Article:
According to its January 2015 Committee Opinion, the American College of Obstetricians and Gynecologists supported the following recommendations and conclusions regarding salpingectomy for ovarian cancer prevention1:
- The surgeon and patient should discuss the potential benefits of the removal of the fallopian tubes during a hysterectomy in women at population risk of ovarian cancer who are not having an oophorectomy.
- When counseling women about laparoscopic sterilization methods, clinicians can communicate that bilateral salpingectomy can be considered a method that provides effective contraception.
- Prophylactic salpingectomy may offer clinicians the opportunity to prevent ovarian cancer in their patients.
- Randomized controlled trials are needed to support the validity of this approach to reduce the incidence of ovarian cancer.
To determine the change in rate of salpingectomy performed at benign hysterectomy at Michigan hospitals, Sara Till, MD, MPH, and colleagues from the University of Michigan Health System performed a retrospective cross-sectioned study of data from the Michigan Surgical Quality Collaborative. They examined hysterectomies performed for all surgical routes between January 2013 and April 2015. Exclusion criteria included malignancy and obstetric indication. The primary objective was to measure salpingectomy at the time of hysterectomy with ovarian preservation. Measures studied included demographics; comorbidities; perioperative and postoperative results; and hospital/surgeon-related data; including surgeon volume, hospital type (ie, teaching), and hospital size.2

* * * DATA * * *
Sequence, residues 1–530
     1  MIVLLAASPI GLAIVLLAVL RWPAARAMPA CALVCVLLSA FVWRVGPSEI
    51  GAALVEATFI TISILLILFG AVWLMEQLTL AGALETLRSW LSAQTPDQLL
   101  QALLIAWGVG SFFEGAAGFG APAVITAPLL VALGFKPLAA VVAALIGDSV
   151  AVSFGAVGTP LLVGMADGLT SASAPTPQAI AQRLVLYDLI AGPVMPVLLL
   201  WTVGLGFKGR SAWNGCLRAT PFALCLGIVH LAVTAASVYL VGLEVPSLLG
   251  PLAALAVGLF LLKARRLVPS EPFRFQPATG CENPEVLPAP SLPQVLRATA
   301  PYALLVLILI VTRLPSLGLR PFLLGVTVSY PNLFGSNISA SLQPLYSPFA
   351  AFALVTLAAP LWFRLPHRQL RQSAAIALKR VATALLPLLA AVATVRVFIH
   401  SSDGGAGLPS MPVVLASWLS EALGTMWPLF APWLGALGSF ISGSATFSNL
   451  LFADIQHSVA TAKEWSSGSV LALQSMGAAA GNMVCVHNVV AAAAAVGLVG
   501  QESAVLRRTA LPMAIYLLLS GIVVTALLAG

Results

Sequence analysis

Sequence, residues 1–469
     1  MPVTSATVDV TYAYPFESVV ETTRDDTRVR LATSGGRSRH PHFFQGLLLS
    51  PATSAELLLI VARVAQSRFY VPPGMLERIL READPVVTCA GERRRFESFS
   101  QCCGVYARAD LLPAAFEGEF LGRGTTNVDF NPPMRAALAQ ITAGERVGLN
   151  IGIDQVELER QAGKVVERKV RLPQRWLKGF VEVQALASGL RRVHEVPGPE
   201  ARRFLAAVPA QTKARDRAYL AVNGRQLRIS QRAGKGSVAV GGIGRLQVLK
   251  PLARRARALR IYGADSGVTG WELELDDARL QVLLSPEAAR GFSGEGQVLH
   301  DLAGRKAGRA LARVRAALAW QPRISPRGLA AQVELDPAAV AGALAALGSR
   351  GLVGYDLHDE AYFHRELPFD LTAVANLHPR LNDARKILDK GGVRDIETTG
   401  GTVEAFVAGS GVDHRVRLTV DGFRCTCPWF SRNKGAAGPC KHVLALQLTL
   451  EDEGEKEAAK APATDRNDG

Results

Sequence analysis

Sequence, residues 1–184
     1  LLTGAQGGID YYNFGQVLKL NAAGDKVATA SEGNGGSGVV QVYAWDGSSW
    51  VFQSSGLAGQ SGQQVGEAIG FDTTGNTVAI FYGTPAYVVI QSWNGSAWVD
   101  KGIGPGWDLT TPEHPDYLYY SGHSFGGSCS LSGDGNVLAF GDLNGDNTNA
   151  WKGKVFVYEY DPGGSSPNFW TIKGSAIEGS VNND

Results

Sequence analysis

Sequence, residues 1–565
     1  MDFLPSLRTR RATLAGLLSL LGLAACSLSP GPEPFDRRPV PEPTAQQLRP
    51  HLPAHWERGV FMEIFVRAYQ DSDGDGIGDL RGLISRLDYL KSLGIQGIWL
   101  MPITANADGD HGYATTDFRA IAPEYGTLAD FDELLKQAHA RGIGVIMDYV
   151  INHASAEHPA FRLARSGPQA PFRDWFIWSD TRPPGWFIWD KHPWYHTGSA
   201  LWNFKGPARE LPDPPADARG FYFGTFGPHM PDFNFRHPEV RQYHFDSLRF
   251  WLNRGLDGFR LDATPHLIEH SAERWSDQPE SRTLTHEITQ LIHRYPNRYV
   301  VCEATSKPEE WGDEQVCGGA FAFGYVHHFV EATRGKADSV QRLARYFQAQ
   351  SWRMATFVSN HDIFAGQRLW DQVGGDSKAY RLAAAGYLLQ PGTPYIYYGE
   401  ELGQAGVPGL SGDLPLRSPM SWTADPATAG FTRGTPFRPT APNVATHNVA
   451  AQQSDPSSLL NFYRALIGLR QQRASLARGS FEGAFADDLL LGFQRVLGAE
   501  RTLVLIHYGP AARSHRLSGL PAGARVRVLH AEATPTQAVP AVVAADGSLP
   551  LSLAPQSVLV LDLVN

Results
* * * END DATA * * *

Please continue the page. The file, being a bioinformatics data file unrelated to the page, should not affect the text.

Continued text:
During the study period (January 1, 2013, to April 30, 2015), 18,642 hysterectomies were performed for benign indications, of which 55.7% (n = 10,382) were ovarian conserving. Among patients who underwent ovarian conserving hysterectomy, 44.9% (n = 4,668) had salpingectomy, with rates increasing steadily from 26.4% to 61.1% across the study period (P<.001). Salpingectomy was more likely with a laparoscopic approach (odds ratio [OR], 2.93; 95% confidence interval [CI], 2.69–3.20) and among women aged <60 years (OR, 2.60; 95% CI, 1.42–1.98), but did not vary with surgeon volume. After adjustments for age, body mass index, and surgical approach using a mixed model, the researchers found substantial variation in rates of salpingectomy across hospital sites, ranging from 3.7% to 88.3%. Variation in adjusted salpingectomy rates was not associated with academic affiliation or hospital size.2
Dr. Till and colleagues concluded that there was a substantial rise in risk-reducing salpingectomy from January 1, 2013, to April 30, 2015, and that there is substantial variation in the practice of salpingectomy, which is not accounted for by patient, surgeon, or hospital characteristics.2